The Singapore Contractors Association has brought forward its quarterly safety timeout, as it expressed "grave concern" over the recent spate of workplace fatalities at construction sites.
The decision came after the latest death in a worksite-related incident last Saturday. There have been seven fatalities this year, of which five were from the construction sector, Minister of State for Manpower Zaqy Mohamad said in a Facebook post last night.
In last Saturday's incident, a 36-year-old Indian national was killed after he was struck by a sheet pile at a Sengkang construction site. The Manpower Ministry as well as the police are investigating the incident.
Under the non-mandatory timeout, originally scheduled for next month, construction companies stop work and review how they carry out particular activities. The whole process usually lasts a few hours or less.
Mr Zaqy said that the call for the safety timeout was a "timely reminder" to the construction industry to review safety procedures.
He said preliminary investigations into the recent incidents uncovered, among other things, unsafe work practices, poorly planned operations and a lack of control measures.
"These incidents could have all been prevented if proper risk assessments were conducted, and safety and health were properly managed during work activities," added Mr Zaqy.
Worksite fatalities this year
A 36-year-old Indian national was killed after being struck by a sheet pile at a construction site in Sengkang.
The man was working at a site at 327C Anchorvale Road. The occupier of the worksite is Ken-Pal, while the worker was employed by Harris Construction.
An Indian construction worker, 27, died at a worksite of the Changi East project at 31A Tanah Merah Coast Road after a tipper truck hit him. It was the first fatal accident related to the project, which includes Changi Airport Terminal 5.
The police later arrested a 32-year-old man for causing death by a negligent act.
A 27-year-old Indian construction worker fell to his death when the rope he was attached to snapped after part of it became entangled with the side mirror of a passing bus.
The worker, who was painting the exterior of the Royal Plaza on Scotts, was secured to the rope and hovering several storeys above the ground.
A Bangladeshi worker, 28, was killed after a Housing Board lift that was undergoing upgrading works seemingly dropped from the fifth floor to the first.
The worker was part of a team carrying out lift replacement works at Block 805 Chai Chee Road, and had been transporting debris from the fifth floor to the ground floor.
Lim Min Zhang
The association, which represents about 3,000 companies, urged firms to also take the opportunity to review all aspects of safety and risk assessment at all their worksites.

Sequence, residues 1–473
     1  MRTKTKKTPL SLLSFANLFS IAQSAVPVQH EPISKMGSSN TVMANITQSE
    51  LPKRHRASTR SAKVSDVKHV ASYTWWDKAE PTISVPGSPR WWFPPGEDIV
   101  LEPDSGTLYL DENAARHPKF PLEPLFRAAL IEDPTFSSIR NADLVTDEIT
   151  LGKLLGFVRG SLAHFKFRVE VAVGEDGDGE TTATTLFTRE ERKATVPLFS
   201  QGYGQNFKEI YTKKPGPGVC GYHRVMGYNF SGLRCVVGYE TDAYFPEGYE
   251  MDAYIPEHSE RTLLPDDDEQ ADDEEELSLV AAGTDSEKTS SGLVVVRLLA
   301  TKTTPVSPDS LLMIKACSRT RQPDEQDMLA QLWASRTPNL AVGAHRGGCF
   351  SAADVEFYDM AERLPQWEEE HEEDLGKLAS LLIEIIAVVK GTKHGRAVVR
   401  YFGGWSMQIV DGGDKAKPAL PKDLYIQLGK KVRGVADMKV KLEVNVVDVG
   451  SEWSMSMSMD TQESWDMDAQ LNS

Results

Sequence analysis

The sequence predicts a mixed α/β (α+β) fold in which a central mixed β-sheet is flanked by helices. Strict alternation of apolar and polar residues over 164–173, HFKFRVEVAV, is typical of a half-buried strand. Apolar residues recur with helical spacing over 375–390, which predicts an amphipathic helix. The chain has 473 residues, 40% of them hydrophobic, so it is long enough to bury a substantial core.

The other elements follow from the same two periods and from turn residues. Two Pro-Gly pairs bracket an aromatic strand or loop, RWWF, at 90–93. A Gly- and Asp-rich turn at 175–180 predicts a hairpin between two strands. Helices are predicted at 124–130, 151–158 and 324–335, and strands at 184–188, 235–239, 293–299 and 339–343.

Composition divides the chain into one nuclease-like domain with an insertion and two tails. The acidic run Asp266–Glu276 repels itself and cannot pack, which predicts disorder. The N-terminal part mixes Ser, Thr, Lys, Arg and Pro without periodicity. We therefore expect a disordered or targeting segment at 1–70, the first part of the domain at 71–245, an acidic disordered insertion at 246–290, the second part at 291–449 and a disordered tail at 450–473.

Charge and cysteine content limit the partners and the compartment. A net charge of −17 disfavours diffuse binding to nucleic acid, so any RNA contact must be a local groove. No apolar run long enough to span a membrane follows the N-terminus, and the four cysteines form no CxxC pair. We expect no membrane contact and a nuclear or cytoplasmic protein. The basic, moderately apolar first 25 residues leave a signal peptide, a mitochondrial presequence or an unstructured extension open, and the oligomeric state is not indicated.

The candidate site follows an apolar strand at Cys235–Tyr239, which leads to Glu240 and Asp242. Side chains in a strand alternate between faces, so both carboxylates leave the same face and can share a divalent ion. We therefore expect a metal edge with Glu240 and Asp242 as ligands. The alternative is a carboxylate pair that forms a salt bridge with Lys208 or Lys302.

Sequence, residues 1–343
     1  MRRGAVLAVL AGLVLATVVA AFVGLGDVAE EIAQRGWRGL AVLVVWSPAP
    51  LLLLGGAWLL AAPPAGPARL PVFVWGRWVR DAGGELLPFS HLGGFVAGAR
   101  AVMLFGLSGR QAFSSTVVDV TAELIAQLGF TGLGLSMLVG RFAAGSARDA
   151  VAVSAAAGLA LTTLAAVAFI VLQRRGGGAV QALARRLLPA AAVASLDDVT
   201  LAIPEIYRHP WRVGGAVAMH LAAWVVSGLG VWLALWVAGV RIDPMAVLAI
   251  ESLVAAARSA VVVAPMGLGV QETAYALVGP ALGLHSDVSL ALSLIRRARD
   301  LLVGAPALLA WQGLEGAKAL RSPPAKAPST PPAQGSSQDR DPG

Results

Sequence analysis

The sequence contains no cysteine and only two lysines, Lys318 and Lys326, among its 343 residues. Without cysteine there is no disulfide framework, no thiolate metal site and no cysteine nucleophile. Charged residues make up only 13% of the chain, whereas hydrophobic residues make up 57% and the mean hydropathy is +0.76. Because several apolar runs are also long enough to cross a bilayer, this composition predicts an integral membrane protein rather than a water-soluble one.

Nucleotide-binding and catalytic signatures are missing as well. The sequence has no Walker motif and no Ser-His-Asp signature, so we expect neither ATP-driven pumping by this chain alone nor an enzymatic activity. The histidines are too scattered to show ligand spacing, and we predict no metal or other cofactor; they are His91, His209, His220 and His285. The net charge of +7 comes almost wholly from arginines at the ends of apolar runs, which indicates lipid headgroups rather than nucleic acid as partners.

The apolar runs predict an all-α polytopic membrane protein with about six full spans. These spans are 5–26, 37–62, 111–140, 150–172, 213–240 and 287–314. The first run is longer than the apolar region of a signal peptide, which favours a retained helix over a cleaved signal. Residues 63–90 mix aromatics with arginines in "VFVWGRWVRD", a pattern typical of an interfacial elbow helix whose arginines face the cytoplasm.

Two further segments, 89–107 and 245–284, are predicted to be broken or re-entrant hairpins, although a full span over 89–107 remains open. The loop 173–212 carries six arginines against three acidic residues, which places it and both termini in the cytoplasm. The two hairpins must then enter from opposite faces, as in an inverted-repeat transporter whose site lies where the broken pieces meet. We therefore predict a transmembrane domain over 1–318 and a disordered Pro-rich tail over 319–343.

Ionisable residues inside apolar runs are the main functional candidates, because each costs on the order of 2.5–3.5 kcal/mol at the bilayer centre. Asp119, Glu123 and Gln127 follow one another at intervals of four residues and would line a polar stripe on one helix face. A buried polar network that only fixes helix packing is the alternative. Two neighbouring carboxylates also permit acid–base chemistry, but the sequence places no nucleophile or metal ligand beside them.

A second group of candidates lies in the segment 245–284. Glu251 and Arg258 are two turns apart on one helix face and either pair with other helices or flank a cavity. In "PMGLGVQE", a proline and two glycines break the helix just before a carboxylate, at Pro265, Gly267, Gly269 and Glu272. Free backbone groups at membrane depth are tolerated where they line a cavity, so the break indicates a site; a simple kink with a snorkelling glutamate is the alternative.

Association president Kenneth Loo said: "We are deeply concerned with the rise in construction incidents and fatalities over the past two months. Our thoughts and prayers go to those affected and their families."
He added that a "holistic and reasonable approach" was needed to ensure workplace safety.
"We call on all construction firms to conduct a safety timeout as soon as possible to reinforce this shared responsibility, and for everyone to remain vigilant in safeguarding workplace safety at all times," he said.
The timeouts used to be carried out on an ad-hoc basis until two years ago, when the association decided that such reviews should be conducted more regularly.
The latest one will focus on site traffic management and include areas such as securing goods on trucks, navigating a construction site as well as driving safely.
Mr Loo told The Straits Times that this was timely given that two weeks ago, a construction worker from India was killed after a tipper truck hit him at a worksite.
"We hope to send out the signal to firms to monitor how their workers walk on a site, and how they control the movement of their heavy vehicles," Mr Loo added.
"Every site is different, and that is why it is good for firms to review the particular situations and take the necessary steps to mitigate the risks."
A spokesman for the association said that, on average, 60 companies respond to the timeout every quarter, reviewing the work processes at between 300 and 600 sites.
Some firms also carry out their own reviews regularly, although their findings are not reported to the association.
The construction sector has remained the top contributor behind deaths at worksites, with 14 fatal accidents last year, two more than the year before.